Listing Practices for Morbidly Obese Patients at Liver Transplantation Centers in the United States.
OBJECTIVES: The effect of morbid obesity on liver transplant outcomes has yielded mixed results. The aim of this study was to determine listing practices for morbidly obese patients at liver transplant centers in the United States.
MATERIALS AND METHODS: A 19-item survey was created to assess liver transplant evaluation and listing practices for morbidly obese patients. All adult liver transplant medical and surgical directors in the United States were contacted by e-mail, which provided an Internet link to an online survey.
RESULTS: We sent a total of 187 surveys by e-mail, with responses received from 46 physicians (24.7% response rate). A policy on evaluation and listing of obese patients was present at 70.5% of institutions, with most (54.5%) reporting that their body mass index cutoff for transplant was 40 kg/m2, but a range of 35 kg/m2 to unlimited was noted. Most respondents agreed that patients with high body mass index were less likely to be evaluated for transplant. Respondents reported increased complication rates among obese patients, with the most common being poor wound healing and increased infection rates.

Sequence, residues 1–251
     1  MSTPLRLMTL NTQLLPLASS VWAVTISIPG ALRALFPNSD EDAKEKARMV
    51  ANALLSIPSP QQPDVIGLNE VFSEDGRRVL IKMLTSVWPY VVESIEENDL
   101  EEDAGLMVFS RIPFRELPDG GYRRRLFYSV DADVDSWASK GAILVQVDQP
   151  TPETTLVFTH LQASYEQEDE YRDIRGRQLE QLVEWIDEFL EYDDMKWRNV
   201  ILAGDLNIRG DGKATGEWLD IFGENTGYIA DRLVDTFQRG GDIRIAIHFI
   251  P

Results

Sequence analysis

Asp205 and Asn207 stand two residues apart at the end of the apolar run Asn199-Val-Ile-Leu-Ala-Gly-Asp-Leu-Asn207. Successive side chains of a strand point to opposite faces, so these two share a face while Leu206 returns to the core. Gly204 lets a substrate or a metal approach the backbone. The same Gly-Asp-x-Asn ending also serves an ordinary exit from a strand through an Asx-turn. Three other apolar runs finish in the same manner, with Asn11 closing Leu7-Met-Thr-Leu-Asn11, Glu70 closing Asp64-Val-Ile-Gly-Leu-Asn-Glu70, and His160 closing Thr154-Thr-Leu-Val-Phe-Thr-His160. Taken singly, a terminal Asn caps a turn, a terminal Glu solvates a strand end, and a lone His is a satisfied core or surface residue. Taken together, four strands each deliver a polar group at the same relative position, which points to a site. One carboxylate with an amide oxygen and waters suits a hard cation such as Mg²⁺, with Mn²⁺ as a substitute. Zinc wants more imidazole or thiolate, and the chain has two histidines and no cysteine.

CONCLUSIONS: Most medical and surgical liver transplant directors have a strong appreciation of the possible morbidity risks associated with performing liver transplants in morbidly obese patients and have policies in effect to minimize these risks.
Published In/Presented At
Halegoua-De Marzio, D. L., Wong, S. Y., Fenkel, J. M., Doria, C., & Sass, D. A. (2016). Listing Practices for Morbidly Obese Patients at Liver Transplantation Centers in the United States. Experimental and clinical transplantation : official journal of the Middle East Society for Organ Transplantation, 14(6), 646–649. https://doi.org/10.6002/ect.2015.0247
Medicine and Health Sciences
Department of Medicine